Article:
Powerful Tool Revolutionizes Scientists’ Way to Understand the Earth’s History

The new device could help companies find the best places to drill for oil, scientists say

A new device meant to change researchers’ way of understanding the evolution of Earth was recently tested by a group of scientists at the University of Florida.

Researchers say the device is of great importance for subsidiary studies of various natural phenomena, such as climate changes or extinction processes, as well as for oil-drillers, as it provides them with the best way to search for oil locations.

Scientists performing the test used the extensive numerical method for dating the fossil shells, in order to determine the functionality of the previously theoretical sequence stratigraphy, EurekAlert reports.

“Paleontologists and geologists are well aware of the fact that you should not take the fossil record at face value because you will then see changes through time that may not be meaningful,” declared Michal Kowalewski, a researcher at the Florida Museum of Natural History and co-author of the study.

„However, by using dating to quantify how the resolution changes through time, we can improve quality control on our data and develop better strategies for reconstructing the history of life more accurately.”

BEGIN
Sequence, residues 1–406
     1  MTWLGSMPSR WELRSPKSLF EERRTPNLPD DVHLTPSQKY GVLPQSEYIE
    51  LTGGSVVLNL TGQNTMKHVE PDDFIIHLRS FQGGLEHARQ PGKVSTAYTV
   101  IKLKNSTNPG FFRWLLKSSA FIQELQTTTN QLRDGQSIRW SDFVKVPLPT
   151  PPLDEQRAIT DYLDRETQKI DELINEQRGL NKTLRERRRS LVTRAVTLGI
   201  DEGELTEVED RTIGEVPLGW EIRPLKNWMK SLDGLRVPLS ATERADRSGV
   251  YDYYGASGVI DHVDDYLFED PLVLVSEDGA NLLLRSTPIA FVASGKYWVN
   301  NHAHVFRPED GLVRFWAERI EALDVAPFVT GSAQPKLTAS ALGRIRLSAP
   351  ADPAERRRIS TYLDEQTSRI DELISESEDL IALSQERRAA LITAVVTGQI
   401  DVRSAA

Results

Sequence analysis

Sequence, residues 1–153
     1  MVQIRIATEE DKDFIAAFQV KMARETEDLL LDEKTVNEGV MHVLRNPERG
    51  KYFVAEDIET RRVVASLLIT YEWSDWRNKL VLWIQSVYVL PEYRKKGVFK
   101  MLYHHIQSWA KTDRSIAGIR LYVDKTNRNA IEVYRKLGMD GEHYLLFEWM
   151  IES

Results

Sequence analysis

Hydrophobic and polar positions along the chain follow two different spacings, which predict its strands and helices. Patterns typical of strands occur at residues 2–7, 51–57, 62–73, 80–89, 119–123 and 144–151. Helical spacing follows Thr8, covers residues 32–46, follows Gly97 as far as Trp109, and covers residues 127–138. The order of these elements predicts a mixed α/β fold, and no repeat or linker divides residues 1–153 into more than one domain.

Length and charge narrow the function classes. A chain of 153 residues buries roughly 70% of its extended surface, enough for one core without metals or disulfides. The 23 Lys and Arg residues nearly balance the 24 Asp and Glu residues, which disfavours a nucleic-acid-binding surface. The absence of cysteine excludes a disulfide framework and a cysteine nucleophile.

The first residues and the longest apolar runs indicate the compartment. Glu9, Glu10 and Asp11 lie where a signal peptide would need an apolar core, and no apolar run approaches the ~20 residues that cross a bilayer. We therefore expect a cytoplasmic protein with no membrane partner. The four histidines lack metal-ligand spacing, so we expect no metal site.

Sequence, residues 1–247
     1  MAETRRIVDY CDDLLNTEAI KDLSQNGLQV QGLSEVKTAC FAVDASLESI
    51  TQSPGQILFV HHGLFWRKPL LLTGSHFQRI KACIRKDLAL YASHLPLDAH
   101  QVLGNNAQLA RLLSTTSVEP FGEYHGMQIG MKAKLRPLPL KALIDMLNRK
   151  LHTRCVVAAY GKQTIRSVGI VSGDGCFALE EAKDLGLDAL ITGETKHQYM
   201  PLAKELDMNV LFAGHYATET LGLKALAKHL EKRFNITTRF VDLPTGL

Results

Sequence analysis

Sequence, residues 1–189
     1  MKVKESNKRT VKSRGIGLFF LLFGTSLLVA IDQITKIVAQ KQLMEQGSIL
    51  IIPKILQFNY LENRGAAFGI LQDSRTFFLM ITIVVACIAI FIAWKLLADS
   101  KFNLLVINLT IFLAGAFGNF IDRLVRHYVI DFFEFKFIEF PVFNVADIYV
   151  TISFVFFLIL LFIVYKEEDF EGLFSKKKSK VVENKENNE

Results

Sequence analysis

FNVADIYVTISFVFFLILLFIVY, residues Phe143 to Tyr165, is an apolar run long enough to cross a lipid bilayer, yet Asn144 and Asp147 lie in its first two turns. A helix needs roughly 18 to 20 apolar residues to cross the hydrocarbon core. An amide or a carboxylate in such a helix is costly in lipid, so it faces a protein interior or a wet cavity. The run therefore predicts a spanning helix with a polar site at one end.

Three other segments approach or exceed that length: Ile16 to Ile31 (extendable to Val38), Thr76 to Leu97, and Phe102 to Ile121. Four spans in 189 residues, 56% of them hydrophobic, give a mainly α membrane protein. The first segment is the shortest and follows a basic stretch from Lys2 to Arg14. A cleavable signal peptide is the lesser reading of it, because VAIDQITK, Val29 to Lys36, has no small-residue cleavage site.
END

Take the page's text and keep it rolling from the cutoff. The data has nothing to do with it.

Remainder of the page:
Sequence stratigraphy allows a detailed investigation into the composition of sedimentary rocks and their connection to one another. It also makes possible the estimation of the types of rocks in a certain region.

“I think what they're doing is groundbreaking in the sense that they're testing a model that is one of the most important models in sedimentary geology that has ever come down the pipe,” said Carlton Brett, a geologist at the University of Florida.

„As one who uses that model a lot and makes those assumptions about why we are getting shell beds offshore, the fact that they have put numbers on the tests gives us very good confidence that we're on the right track.”

The first direct chronological test of the sequence stratigraphy was detailed in a study published online in the journal Geology.

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